There are a few companies that I trust with my identity information and personal data implicitly, even as a lifelong security guy. They simply give me so much value that I stay authenticated to their services at work, at home, in the car, and on mobile. On the other hand, there are many companies that I completely avoid because of the annoying and creepy methods they use to showcase how they are tracking me, my location and my behavior. After all, there is a fine line between digital stalking and consumer trust.
Companies are continuing the journey through digital transformation and modernizing interactions with consumers and partners. One of the many challenges is to accurately identify an individual customer in each of the digital and physical channels available to them in order to interact with your brand. If that challenge was not difficult enough, you also have to protect all of the personally identifiable information (PII) so that you can keep the trust of your consumers and partners. Old and new regulations are also defining the level of protection that is required…think PCI and GDPR.
While protecting PII, the goal is to be able to turn your customers’ many profiles into a single unified customer view so that you can continuously personalize and improve their digital experiences. While every customer has only one true identity (in the human sense), they have many profiles with the different channels and devices they use to engage. For example:
- Mobile: phone, tablet, wearable, car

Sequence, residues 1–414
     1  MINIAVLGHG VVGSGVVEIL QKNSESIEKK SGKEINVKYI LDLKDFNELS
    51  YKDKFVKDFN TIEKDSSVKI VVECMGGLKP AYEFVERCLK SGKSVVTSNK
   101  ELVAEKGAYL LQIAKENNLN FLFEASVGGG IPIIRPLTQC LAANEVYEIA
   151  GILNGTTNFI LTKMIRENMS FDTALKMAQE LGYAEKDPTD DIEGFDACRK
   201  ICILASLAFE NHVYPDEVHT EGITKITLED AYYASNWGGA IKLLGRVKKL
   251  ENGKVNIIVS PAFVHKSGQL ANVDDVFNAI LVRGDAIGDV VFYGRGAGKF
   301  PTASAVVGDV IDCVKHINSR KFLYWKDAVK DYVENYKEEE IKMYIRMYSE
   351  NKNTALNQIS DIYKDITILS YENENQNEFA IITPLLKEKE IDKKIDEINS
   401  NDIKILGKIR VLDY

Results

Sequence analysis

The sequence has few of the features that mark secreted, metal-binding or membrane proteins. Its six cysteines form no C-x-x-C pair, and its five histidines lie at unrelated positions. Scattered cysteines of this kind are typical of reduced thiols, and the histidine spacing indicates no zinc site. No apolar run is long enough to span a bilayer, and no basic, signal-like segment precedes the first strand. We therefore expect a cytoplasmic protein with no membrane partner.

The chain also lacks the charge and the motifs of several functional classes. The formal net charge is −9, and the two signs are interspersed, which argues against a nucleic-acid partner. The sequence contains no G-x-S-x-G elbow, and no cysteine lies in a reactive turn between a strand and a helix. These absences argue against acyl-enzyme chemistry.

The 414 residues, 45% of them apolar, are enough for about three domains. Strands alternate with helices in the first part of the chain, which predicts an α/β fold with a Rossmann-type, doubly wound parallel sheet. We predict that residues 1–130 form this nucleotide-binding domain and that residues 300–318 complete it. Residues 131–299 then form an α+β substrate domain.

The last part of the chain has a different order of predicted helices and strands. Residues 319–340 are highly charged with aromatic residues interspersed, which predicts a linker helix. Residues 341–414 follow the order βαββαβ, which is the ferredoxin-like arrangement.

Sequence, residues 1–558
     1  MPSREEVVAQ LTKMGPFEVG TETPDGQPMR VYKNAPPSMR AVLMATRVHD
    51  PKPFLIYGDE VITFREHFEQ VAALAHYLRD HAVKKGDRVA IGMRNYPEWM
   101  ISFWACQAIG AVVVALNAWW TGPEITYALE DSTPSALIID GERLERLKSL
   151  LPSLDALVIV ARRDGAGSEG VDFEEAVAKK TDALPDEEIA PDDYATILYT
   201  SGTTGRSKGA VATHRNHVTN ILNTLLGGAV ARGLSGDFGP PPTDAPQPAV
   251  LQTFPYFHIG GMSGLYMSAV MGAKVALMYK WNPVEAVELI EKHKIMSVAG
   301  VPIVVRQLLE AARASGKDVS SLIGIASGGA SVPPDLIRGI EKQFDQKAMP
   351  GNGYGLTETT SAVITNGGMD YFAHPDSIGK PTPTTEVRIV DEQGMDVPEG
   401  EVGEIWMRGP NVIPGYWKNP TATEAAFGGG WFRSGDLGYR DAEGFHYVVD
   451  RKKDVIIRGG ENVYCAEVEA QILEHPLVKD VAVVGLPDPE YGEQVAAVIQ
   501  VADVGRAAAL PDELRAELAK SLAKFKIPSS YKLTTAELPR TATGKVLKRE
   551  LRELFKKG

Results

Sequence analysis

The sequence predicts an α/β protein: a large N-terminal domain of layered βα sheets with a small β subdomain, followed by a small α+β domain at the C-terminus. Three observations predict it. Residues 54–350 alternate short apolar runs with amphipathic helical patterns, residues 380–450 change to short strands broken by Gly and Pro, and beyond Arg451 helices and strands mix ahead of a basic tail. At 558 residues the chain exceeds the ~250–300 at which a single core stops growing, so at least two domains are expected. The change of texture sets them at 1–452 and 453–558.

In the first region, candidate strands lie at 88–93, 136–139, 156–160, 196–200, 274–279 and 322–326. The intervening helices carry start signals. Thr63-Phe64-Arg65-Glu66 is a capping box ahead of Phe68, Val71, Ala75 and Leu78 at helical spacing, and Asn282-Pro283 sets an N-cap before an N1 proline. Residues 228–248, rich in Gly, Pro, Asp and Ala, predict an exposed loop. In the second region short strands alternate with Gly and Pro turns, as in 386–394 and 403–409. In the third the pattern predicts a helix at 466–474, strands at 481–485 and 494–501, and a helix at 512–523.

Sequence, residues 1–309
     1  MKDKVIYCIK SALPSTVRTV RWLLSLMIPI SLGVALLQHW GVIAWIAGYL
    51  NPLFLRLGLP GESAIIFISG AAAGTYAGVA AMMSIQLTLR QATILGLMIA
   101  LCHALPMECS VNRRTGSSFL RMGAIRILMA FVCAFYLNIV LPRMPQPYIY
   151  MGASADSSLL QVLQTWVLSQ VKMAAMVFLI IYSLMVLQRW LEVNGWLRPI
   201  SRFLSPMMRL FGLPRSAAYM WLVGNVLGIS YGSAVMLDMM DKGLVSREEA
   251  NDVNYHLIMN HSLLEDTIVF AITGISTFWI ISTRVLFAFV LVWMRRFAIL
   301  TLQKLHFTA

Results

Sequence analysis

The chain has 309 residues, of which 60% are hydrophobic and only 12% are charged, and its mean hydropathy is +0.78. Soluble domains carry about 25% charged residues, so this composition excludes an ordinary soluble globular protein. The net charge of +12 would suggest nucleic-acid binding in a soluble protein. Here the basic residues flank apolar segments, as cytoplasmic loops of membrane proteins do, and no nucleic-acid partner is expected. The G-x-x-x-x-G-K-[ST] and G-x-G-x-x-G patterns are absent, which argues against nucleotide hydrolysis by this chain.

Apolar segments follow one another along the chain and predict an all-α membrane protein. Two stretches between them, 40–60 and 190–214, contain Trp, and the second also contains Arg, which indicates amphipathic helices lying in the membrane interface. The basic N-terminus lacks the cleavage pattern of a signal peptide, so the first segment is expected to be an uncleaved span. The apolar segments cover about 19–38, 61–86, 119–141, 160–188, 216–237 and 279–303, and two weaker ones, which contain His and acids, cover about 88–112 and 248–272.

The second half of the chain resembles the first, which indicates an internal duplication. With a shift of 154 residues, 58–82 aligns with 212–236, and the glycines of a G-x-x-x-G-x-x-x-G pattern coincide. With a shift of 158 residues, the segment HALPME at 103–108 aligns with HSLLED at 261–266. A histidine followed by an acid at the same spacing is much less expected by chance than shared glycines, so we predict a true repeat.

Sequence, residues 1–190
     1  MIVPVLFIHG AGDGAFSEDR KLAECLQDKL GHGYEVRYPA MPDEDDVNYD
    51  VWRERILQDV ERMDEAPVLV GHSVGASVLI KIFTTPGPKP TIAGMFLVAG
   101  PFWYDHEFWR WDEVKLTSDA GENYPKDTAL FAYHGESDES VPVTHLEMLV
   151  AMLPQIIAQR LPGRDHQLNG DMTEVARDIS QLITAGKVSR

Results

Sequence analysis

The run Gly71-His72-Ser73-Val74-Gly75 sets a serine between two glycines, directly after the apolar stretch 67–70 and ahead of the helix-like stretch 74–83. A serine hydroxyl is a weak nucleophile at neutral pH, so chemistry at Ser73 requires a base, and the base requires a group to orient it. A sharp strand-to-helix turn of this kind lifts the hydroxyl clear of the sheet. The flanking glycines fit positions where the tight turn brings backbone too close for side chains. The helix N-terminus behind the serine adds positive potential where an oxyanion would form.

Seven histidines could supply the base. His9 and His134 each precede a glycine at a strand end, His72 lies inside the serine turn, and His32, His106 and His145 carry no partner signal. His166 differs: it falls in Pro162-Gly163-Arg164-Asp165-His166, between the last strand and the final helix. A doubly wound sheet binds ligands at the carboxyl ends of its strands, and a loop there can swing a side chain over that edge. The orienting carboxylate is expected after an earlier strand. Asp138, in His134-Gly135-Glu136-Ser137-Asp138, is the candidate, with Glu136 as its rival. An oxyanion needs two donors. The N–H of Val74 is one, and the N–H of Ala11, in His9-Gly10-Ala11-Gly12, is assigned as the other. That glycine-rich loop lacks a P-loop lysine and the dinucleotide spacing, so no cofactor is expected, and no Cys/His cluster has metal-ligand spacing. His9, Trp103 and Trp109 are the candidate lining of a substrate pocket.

- Social: social media and ecosystem of tagging and following
- Physical: where you are, location
- Home: desktop, virtual assistant, smart home
The profile categories blur together a lot, and will continue to blur with Internet of Things (IoT) and artificial intelligence advancements.
To build trust with your customers you must approach digital identities and data protection as a business challenge instead of a technical issue. For example, understanding what is motivating your customers to use your product or service as well as learning their definition of the best digital experience is critical to building relationships with your customers. Understanding both of these business level viewpoints will make the technical work easier, cheaper and more effective because you will not waste time and money delivering the wrong experiences and protecting the wrong assets.
At any point in time, a customer’s profile may be passive or active for each channel or device they use. Active means that the customer’s identity is linked or authenticated for that channel or device (app login, location beacon, follow on social, etc.). Passive means that the channel or device assumes your customer’s identity group via persona or segment.
The goal is to properly and securely authenticate a customer, or convert them from passive to active. In order to get a user to authenticate, you must ‘earn it’ by giving the user value that is important to them. Value to each person is different, which is one reason why the value exchange should be looked at from a persona or market segmentation perspective. This approach will allow you to both understand what is valuable and map out a customer’s journey with your brand throughout the digital interactions. Individuals also have important and varying beliefs on privacy and data security.
The keys to getting more customers into what I call the Trust Zone are transparency, consent, reputation and the ability to opt-out and erase data. An increase in trust level can mean an increase in user adoption of digital channels. Even for a customer in the Trust Zone, there is work to do to keep them as an in-elastic customer so they will be more loyal and an advocate of your brand.
People are humans – don’t forget to humanize the experience to help win their trust. For more information, please click here.
Forrest Carr is Managing Director of Innovation, and a thought leader in the areas of information security, data protection, digital experience, IoT and innovation.